Visit Noosa National Park with Kids
Noosa is a coastal paradise, just 160km north of Brisbane via the Bruce Highway and the Sunshine Motorway.
Beautiful beaches, gourmet ice-creameries and cafes spilling out onto the pavement make Noosa the perfect retreat from the hustle and bustle of city life.
And no visit to Noosa is complete without taking the time to explore the Noosa National Park with the kids – a 3000ha park showcasing amazing fauna and flora, as well as some of the most picturesque coastline in Australia.
Getting to Noosa National Park
The main access point for the national park is at the end of Park Road in Noosa Heads. Car parking is very limited at this point, so you may like to consider catching the local shuttle bus from the town centre. You can also walk to the national park from cosmopolitan Hastings Street, along the pretty seaside boardwalk. Alternatively, there is access from Parkedge Road and the northern end of Sunshine Beach, but again, parking is limited. Other access points include:
- Laguna Lookout – end of Viewland Drive, Noosa Heads
- Peregian Section – David Low Way, 3km north of Coolum Beach
- Emu Mountain Section – David Low Way, 4km north of Coolum Beach
- East Weyba Section – David Low Way, Marcus Beach, 2.5km north of Peregian Beach
Things to do at Noosa National Park with Kids
Families could easily spend a whole day at the Noosa National Park. It’s a great location for kids to spot wildlife – koalas can often be sighted in the day use area or along the walking tracks. You may also be lucky enough to spot black cockatoos, ground parrots, and many other rare and endangered species. Between June and November, humpback whales can be glimpsed as they cruise past the coastline on their way to and from northern breeding grounds.
Noosa National Park is also a great place for relaxing with a picnic or a barbecue and enjoying the stunning views. The day use area (located at the end of Park Road, Noosa Heads) overlooks the beautiful Laguna Bay with its sweeping views from Noosa to Cooloola. Picnic tables, electric barbecues, drinking water and public toilets are provided. There is also a kiosk selling drinks, snacks and souvenirs, should you forget anything.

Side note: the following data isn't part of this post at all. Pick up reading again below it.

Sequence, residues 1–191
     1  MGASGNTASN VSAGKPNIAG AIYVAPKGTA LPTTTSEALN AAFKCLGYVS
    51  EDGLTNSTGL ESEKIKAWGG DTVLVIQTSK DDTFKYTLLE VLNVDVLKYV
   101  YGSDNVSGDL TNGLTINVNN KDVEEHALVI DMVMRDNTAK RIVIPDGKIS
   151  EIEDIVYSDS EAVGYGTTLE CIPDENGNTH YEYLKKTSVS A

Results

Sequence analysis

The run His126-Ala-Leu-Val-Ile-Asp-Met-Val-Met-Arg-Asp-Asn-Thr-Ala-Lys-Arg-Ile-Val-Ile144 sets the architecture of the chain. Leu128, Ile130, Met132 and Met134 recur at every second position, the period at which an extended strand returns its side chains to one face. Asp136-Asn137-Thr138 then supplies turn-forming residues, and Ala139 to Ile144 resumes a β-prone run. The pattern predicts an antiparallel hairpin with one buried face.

Walking at Noosa National Park
There are more than 15km of walking tracks within the national park, many of which are suitable for children. The coastal tracks offer breathtaking outlooks, and gorgeous beaches and rock pools to explore. The inland tracks feature rainforest, wildflowers and plenty of natural beauty. Here’s a list of the walking tracks you can find in the Noosa Headland section of the park:
Coastal track – 5.4km one-way
- 1km to Dolphin Point
- 1.7km from Dolphin Point to Hell’s Gates
- 2.7km from Hell’s Gates to northern Sunshine Beach
The coastal track is undoubtedly the most popular track in the park and so it does get busy at times. The track is wheelchair accessible in the beginning and follows the shoreline from the main park entrance, offering spectacular coastal views along the way. You can also stop at a number of places and make your way down to the stretches of beach to explore the rock pools and play in the sand. Don’t forget to take your camera as you will want to capture the natural beauty that surrounds you. Some other walks include:
Palm Grove circuit – 1km inland circuit Tanglewood track – 3.8km one way, inland track Noosa Hill track – 2.4km one way, inland track Alexandria Bay track – 4.6km return
Things to remember at Noosa National Park
To ensure you have a safe and happy day at Noosa National Park with kids, please remember:
- Only swim at patrolled beaches at Noosa Heads and Sunshine Beach – the beaches within the national park are not patrolled by surf lifesavers.
- Strong currents and surf are particularly dangerous at Alexandria Bay.
- Bring drinking water, sunscreen, insect repellent and hats.
- Bring a camera and binoculars for viewing wildlife.
- Stay away from cliff edges and supervise children at all times.
- Mobile phone reception is not reliable in all areas of the park.
- Do not feed or leave food for animals. Human food can harm wildlife and cause some animals to become aggressive.
- Everything within the national park is protected. Do not take or interfere with plants or animals and take your rubbish out of the park.
- Bicycles, scooters, skateboards and roller blades are not allowed on any of the tracks within the park.
- Stay on tracks. Do not cut corners or create new tracks, as this causes erosion.
- Camping is not permitted within the Noosa National Park.
If you haven’t been to Noosa National Park before, add it to your bucket list! You’ll soon see why it’s so popular with both tourists and locals.